A search for the remains of two First Nations women at a Winnipeg-area landfill could take up to three years and cost $184 million, says a study examining whether a successful search is possible.
The study, obtained by The Canadian Press, looked at the various scenarios and challenges that come with searching a landfill and concluded a canvass of the Prairie Green Landfill is feasible.
It warns there are “considerable risks” due to exposure to toxic chemicals and asbestos. But it says forgoing a search could be more harmful for the families of Morgan Harris and Marcedes Myran.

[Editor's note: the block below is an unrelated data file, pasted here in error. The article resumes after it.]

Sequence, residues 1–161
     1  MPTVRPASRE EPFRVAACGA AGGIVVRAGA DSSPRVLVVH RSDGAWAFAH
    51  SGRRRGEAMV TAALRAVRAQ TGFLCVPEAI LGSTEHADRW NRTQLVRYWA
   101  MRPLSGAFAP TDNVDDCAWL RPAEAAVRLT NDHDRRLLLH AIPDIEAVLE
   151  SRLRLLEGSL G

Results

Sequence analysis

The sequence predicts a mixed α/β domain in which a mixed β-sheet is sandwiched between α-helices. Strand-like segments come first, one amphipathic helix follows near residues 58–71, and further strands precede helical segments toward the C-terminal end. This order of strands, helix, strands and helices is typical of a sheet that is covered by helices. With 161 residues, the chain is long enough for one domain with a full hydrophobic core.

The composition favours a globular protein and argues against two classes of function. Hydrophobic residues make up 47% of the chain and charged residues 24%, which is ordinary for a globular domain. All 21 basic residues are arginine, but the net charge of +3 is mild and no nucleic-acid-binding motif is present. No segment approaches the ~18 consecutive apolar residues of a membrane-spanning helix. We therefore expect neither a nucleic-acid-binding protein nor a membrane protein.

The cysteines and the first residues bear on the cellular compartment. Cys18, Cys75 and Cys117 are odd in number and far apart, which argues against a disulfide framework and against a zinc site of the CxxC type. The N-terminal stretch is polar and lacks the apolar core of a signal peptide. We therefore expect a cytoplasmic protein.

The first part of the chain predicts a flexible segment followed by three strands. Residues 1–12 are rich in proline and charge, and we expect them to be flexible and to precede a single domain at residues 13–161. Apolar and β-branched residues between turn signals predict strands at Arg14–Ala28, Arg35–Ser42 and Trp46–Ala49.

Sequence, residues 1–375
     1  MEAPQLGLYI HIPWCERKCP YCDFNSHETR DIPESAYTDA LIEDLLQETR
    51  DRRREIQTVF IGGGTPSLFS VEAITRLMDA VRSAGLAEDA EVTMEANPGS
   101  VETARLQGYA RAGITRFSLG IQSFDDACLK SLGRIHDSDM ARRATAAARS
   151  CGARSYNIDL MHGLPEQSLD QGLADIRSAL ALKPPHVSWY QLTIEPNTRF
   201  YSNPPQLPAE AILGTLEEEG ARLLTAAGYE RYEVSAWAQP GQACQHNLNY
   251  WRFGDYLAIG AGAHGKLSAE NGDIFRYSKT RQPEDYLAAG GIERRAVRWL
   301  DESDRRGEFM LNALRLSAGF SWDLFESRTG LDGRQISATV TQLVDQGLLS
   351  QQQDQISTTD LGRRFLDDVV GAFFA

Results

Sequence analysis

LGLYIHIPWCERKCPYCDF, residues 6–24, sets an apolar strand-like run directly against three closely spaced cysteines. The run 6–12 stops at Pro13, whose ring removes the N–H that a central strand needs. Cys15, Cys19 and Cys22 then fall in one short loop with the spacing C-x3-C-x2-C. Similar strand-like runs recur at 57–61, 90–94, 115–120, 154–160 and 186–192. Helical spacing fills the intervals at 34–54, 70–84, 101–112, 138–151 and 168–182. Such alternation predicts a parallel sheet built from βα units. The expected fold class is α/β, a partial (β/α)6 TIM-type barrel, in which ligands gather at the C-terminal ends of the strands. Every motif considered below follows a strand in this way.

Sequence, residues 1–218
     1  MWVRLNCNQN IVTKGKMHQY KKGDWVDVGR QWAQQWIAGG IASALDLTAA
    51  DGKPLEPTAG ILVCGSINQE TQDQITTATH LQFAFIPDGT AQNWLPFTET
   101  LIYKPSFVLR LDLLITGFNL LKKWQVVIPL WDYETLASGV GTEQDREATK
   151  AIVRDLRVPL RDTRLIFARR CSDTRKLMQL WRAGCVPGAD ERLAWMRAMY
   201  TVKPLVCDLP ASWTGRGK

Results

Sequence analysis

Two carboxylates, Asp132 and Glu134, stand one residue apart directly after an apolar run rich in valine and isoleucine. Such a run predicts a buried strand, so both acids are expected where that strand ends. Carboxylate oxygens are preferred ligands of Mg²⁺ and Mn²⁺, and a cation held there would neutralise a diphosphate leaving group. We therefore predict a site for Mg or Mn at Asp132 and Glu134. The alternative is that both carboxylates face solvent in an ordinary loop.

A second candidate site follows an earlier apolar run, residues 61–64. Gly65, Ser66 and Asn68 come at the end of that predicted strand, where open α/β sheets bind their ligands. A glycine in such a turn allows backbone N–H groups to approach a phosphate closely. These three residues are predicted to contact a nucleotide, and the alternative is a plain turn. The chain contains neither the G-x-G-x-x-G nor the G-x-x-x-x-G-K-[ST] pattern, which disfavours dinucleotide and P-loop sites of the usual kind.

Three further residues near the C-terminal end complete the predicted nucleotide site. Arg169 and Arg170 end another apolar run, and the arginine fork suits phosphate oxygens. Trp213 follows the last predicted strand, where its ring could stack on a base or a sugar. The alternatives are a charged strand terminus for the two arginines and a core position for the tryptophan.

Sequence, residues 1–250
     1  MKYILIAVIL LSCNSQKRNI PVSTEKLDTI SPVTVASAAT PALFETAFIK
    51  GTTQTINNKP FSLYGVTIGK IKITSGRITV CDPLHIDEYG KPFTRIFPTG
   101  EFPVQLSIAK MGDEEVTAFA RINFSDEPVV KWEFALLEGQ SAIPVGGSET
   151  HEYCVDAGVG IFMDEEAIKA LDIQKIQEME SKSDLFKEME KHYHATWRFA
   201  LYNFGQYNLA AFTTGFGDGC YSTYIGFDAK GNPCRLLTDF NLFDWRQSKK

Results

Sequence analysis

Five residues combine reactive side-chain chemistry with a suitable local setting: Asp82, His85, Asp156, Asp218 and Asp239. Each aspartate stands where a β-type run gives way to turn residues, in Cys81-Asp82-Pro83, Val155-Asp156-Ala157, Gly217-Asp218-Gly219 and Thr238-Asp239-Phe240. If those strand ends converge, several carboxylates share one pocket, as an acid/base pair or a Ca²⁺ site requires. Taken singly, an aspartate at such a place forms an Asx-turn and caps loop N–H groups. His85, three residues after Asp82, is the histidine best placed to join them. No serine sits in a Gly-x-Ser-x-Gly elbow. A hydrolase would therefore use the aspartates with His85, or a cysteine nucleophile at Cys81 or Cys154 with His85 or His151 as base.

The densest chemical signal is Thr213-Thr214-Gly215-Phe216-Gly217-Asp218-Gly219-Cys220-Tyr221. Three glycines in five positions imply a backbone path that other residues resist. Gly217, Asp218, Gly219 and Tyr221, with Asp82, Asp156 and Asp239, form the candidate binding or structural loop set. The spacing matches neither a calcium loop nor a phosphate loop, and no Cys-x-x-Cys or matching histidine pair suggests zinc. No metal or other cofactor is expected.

“Not conducting the search could cause considerable distress to victim family members,” the report says.
“The impact of not conducting a search and humanitarian recovery for remains of Morgan and Marcedes, when it is possible that they are in the Prairie Green Landfill, could have long-lasting repercussions on the families, friends, loved ones and First Nations and Indigenous communities in Manitoba and across Canada.”
The Assembly of Manitoba Chiefs and representatives from Long Plain First Nation, to which Harris and Myran belonged, are to hold a news conference Friday about the study.
An Indigenous-led committee spearheaded by the Assembly of Manitoba Chiefs commissioned the study after Winnipeg police said in December that they believed the remains of Harris and Myran are in the landfill north of the city. But police said they would not be searching the site because of the passage of time and the large volume of material deposited there.